‘Pakistan will not compromise on its stance’

Expert calls nuclear weapons extension of conventional arms.

Express September 15, 2011

Pakistan will not compromise on its stance on the FMCT (Fissile Material Cut-off Treaty), at least in the near future. These were the views expressed by Dr Zafar Nawaz Jaspal, the keynote speaker at a roundtable on “FMCT: Pakistan’s Stand and Implications”, organised by the Institute of Regional Studies (IRS) on Wednesday, said a press release issued by the institute.

With the FMCT issue being discussed during the ongoing session of the UN General Assembly, the roundtable brought forth some key issues concerning Pakistan’s position on FMCT.

Dr Jaspal argued that while Pakistan was being maligned in the western media as the only obstructionist country in the path to the initiation of negotiations on FMCT, in fact other countries also concealed reservations about the treaty, but that they were happy to remain under the shadow of Pakistan. Further explaining Pakistan’s principled position on FMCT, Dr Jaspal argued that Pakistan did not view FMCT, or arms-control for that matter, in isolation on disarmament, which was actually the mandate of the conference on disarmament.

He asserted that by calling for a ban on the production of fissile material, while not taking into account the reduction in the existing stockpiles of nuclear weapons, the FMCT was, “Freezing the existing nuclear symmetry between India and Pakistan.”

Dr Jaspal, who teaches at Quaid-i-Azam University’s Defence and Strategic Studies (DSS) department, disagreed with the notion that nuclear weapons are only a deterrent and unusable in a war.

He called nuclear weapons an extension of conventional weapons and argued that any arms-control effort to neutralise nuclear weapons should also take into account the existing conventional military balance as well.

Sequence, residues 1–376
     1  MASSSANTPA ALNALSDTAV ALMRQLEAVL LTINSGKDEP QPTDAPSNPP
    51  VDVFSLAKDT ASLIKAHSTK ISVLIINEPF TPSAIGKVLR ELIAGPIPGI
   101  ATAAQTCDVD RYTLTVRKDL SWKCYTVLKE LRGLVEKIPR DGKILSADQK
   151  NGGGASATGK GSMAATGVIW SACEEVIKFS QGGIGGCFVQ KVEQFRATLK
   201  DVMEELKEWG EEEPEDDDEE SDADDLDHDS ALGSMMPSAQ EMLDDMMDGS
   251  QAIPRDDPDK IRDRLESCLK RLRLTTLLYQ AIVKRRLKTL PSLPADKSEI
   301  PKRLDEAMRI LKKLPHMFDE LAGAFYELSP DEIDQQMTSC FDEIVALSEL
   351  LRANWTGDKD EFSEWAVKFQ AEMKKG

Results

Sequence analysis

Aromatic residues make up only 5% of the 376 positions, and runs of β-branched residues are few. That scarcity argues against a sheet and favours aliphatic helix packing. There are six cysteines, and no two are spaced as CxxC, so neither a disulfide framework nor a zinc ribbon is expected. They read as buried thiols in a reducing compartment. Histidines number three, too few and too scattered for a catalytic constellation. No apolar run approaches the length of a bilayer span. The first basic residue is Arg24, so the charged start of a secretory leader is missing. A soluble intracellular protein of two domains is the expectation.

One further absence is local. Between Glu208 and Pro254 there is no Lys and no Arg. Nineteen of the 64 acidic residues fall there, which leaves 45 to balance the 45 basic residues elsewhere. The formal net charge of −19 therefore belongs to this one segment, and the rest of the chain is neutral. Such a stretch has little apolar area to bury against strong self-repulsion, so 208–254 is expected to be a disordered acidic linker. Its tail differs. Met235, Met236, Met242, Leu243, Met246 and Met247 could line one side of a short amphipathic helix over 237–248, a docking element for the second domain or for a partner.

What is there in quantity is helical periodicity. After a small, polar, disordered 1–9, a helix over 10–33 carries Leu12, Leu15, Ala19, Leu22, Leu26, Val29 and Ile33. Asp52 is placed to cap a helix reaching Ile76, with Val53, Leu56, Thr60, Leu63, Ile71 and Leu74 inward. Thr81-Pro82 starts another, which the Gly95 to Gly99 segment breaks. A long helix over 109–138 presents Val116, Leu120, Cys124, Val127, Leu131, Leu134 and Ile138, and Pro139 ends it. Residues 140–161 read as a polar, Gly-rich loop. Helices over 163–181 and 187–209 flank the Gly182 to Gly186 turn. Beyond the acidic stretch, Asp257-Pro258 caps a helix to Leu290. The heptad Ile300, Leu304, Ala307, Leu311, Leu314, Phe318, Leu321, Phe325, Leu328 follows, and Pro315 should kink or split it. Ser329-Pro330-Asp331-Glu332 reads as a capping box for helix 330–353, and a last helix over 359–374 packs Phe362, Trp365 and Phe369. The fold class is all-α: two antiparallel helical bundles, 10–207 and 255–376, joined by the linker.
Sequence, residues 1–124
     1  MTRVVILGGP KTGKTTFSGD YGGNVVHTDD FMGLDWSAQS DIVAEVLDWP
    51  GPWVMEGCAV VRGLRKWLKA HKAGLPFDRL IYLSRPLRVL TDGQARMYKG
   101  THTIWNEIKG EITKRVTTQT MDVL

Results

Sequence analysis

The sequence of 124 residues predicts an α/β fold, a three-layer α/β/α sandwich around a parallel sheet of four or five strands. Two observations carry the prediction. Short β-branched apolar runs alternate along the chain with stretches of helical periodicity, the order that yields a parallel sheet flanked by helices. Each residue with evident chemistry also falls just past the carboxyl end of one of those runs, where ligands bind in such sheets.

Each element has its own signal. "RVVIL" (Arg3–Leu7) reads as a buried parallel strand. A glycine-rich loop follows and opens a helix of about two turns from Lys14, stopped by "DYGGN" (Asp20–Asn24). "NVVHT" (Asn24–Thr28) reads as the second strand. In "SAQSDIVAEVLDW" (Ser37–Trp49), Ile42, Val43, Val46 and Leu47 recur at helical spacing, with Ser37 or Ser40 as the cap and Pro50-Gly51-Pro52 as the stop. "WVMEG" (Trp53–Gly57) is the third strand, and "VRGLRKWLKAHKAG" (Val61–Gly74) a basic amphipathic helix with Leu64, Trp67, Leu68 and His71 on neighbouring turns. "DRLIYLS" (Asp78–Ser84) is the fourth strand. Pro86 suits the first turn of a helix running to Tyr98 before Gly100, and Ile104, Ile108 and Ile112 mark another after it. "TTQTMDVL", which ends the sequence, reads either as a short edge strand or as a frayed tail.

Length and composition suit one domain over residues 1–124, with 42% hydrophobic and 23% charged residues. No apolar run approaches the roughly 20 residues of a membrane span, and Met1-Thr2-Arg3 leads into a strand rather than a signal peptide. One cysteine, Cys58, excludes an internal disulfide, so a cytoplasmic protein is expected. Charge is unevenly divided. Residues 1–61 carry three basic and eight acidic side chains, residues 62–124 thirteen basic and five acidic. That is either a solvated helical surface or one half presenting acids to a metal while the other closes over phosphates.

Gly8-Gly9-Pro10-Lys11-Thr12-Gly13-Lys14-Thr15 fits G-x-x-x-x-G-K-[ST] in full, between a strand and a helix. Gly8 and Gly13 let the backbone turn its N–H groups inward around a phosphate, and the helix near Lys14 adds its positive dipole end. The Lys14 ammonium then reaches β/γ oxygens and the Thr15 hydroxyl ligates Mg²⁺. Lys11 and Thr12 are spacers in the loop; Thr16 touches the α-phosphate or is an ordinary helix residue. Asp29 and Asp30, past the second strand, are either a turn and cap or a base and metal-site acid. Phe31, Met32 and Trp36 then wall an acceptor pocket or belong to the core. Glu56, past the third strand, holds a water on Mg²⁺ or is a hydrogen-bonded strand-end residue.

“Conventional and nuclear asymmetries are similar in nature,” said Dr Jaspal. In this context, he maintained that FMCT had not taken into account the strategic environment of South Asia, which was characterised by both nuclear and conventional strategic asymmetries between India and Pakistan, and worried that FMCT might only serve to preserve the strategically imbalanced status quo between the two countries.

He pointed out that the renewed enthusiasm about FMCT was a result of the personal initiative of US President Obama, who highlighted in an oft-quoted speech delivered in April 2009 in Prague in the Czech Republic. “The enthusiasm could die down once his term ends in November 2012.”

Former ambassador Khalid Mahmood was of the opinion that the acceptance of being part of the negotiations leading to FMCT would not necessarily bind Pakistan to be part of the treaty as well.

Some participants of the discussion said that the agenda of FMCT - calling for a verifiable end to the production of fissile materials intended for use in nuclear weapons, was already set, and as long as it was not changed to include both arms-control and disarmament, Pakistan should not become a part of the negotiation on FMCT. They criticised the treaty as Pakistan-specific and called it ‘impossible’ for the country to accept.

Most of the experts agreed that for Pakistan to accept the negotiation process leading to FMCT, it will have to include all four issues covered by the conference on Disarmament: Fissile Materials Cut-off Treaty (FMCT), Prevention of an Arms Race in Outer Space (PAROS), Negative Security Assurances (NSAs), and Nuclear Disarmament.

The participants included Institute of Regional Studies (IRS) President Ashraf Azim, IRS Senior Fellow Brig (retd) Bashir Ahmed, Ambassador Asif Ezdi, European Union Delegation to Pakistan Deputy Head of Mission Pierre Mayaudon, German Embassy Deputy Head of Mission Stephan Roken, US Institute of Peace South Asia Adviser Moeed Yusuf, Quaid-i-Azam University Defense and Strategic Studies Department Professor Nazir Hussain, and senior researchers from IRS and other think tanks.

Published in The Express Tribune, September 15th, 2011.


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